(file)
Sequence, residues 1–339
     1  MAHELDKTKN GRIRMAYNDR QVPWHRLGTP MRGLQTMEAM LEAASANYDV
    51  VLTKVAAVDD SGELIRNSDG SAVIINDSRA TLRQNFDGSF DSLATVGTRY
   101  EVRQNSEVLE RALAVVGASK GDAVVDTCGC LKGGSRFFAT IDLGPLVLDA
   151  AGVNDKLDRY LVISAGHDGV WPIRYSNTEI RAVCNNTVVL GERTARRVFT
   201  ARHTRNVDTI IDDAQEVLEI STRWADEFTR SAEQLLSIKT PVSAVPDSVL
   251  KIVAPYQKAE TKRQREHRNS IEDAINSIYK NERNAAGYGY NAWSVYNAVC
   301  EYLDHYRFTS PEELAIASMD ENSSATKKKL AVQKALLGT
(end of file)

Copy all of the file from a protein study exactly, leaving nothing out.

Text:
Sequence, residues 1–339
     1  MAHELDKTKN GRIRMAYNDR QVPWHRLGTP MRGLQTMEAM LEAASANYDV
    51  VLTKVAAVDD SGELIRNSDG SAVIINDSRA TLRQNFDGSF DSLATVGTRY
   101  EVRQNSEVLE RALAVVGASK GDAVVDTCGC LKGGSRFFAT IDLGPLVLDA
   151  AGVNDKLDRY LVISAGHDGV WPIRYSNTEI RAVCNNTVVL GERTARRVFT
   201  ARHTRNVDTI IDDAQEVLEI STRWADEFTR SAEQLLSIKT PVSAVPDSVL
   251  KIVAPYQKAE TKRQREHRNS IEDAINSIYK NERNAAGYGY NAWSVYNAVC
   301  EYLDHYRFTS PEELAIASMD ENSSATKKKL AVQKALLGT